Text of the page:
"With optimization, the outcomes that you're getting are things like improved efficiency and improved engagement with customers," she said. "With transformation, what you're focusing on is brand new revenue. For example, new digital products and services and new business models."
Digital transformation should also lead to an increased agility within the IT and engineering teams that helps these teams execute projects in a much faster fashion, experts highlighted.
"Digital transformation allows companies to meet consumers where they are," said Jason Frugé, vice president of business application cybersecurity at Onapsis. Executing on a digital transformation roadmap helps businesses stay relevant and expand their customer base.
"People are more and more reliant on digital technology. … They want to do business with you on their cell phones or iPads, and unless you transform your business and accept that new reality, you will get left behind," Frugé said.
Notable examples of companies that have achieved digital transformation success
Unlocking success in digital transformation requires a clear vision and understanding across the organization, experts agreed. Utilizing digital technologies is just one piece of the puzzle. Having the right leaders in place, investing in talent and skills development, instigating cultural and behavioral changes, ensuring frequent and clear communication, and digitizing tools and processes all play key roles in driving transformational success.
Here's a look at four notable examples of digital transformation success stories and what companies can learn from them.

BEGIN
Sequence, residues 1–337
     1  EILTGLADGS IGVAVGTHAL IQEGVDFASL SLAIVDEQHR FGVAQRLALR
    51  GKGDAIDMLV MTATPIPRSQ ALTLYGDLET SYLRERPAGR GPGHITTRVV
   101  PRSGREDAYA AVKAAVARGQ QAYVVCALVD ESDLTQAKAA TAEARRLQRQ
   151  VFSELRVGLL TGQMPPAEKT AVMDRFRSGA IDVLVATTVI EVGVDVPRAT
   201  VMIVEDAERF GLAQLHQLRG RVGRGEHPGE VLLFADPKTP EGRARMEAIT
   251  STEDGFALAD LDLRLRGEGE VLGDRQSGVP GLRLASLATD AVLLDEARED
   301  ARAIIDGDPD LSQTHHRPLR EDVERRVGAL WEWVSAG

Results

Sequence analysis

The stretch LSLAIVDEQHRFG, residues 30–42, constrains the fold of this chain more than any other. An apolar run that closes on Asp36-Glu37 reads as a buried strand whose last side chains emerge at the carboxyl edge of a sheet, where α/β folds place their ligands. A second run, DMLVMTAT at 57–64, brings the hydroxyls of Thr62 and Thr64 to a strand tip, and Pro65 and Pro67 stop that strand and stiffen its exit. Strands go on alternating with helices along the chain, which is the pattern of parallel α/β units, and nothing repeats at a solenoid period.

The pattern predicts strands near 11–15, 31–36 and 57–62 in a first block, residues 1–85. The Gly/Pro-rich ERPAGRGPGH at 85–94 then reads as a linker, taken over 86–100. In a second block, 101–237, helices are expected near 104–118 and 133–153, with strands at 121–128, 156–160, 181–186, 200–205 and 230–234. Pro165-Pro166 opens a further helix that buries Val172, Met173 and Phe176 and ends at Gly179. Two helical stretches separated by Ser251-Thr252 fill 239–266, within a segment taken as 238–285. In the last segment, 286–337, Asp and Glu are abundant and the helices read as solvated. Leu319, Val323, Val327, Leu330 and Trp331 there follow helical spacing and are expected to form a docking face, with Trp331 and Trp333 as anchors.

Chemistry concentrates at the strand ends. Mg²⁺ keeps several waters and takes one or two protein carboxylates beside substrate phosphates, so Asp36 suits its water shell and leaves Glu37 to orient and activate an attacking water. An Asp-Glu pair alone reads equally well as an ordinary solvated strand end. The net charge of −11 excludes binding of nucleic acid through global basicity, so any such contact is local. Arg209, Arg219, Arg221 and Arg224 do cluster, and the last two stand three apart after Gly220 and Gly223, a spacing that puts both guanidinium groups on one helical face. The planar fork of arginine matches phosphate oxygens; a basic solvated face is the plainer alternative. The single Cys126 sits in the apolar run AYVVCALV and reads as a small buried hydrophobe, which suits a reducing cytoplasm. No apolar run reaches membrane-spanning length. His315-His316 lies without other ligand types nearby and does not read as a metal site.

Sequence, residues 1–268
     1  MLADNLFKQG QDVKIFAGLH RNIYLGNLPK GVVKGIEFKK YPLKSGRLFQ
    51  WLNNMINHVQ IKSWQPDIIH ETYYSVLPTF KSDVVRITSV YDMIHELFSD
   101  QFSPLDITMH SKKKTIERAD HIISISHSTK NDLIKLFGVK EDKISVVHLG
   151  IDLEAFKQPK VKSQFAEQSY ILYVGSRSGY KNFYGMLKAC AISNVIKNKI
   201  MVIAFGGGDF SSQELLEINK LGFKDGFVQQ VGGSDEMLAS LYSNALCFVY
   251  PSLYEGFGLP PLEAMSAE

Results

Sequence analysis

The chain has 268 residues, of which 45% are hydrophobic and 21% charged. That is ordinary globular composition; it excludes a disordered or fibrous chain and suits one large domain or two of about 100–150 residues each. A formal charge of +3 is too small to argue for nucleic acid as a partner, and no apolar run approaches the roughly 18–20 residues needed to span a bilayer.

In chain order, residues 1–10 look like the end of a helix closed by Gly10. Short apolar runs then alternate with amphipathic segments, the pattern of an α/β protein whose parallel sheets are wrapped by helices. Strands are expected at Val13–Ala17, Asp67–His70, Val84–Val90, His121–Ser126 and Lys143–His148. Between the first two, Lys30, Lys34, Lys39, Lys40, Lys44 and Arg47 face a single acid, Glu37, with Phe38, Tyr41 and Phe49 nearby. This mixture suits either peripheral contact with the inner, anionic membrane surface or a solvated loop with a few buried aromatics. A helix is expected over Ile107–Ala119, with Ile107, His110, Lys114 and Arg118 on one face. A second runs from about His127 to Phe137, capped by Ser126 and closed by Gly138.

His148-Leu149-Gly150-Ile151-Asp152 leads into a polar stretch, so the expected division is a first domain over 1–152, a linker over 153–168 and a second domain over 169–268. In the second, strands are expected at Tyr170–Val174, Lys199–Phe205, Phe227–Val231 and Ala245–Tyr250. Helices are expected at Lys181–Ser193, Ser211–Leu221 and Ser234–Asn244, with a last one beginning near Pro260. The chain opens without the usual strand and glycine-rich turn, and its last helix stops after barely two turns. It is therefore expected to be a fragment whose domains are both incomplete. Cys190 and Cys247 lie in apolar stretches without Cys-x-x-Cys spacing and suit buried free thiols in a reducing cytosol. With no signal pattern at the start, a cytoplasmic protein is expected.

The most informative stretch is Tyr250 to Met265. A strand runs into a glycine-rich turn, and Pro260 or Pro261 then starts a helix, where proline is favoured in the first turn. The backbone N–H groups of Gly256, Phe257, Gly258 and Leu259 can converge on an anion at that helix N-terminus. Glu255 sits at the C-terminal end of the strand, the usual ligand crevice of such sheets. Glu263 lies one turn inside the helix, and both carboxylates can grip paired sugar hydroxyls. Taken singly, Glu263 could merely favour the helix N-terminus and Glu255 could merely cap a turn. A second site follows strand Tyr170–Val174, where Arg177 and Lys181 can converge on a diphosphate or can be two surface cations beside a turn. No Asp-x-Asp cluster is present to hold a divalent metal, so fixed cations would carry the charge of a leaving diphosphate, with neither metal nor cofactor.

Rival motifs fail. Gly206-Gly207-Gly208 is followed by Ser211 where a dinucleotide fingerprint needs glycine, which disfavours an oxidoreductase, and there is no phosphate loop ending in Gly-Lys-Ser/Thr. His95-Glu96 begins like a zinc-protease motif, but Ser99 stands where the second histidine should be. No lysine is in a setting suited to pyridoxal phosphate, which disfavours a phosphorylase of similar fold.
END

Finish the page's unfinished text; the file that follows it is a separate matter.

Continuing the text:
1. Domino's Pizza
Pizza giant Domino's has been successful at implementing technology-driven transformation to evolve into "an e-commerce company that sells pizza," as Senior Vice President and Chief Digital Officer Dennis Maloney has put it.
After the company's stock price plummeted in 2008, Domino's implemented a multipronged initiative aimed at revamping its menu and at using technology to increase agility. As part of its effort to deliver better products and services to customers, the company launched Domino's Tracker, a next-gen delivery technology at the time that allowed customers to follow the progress of their order online. Today, Domino's AnyWare technology lets customers order in more ways on more devices.
The company has touted it use of artificial intelligence and machine learning technology to improve product quality and boost store and online operations. The use of autonomous vehicles and drones for pizza delivery, in addition to its AnyWare technology, has put Domino's in the vanguard of companies that have mastered what research firm Gartner called "multiexperience" customer service.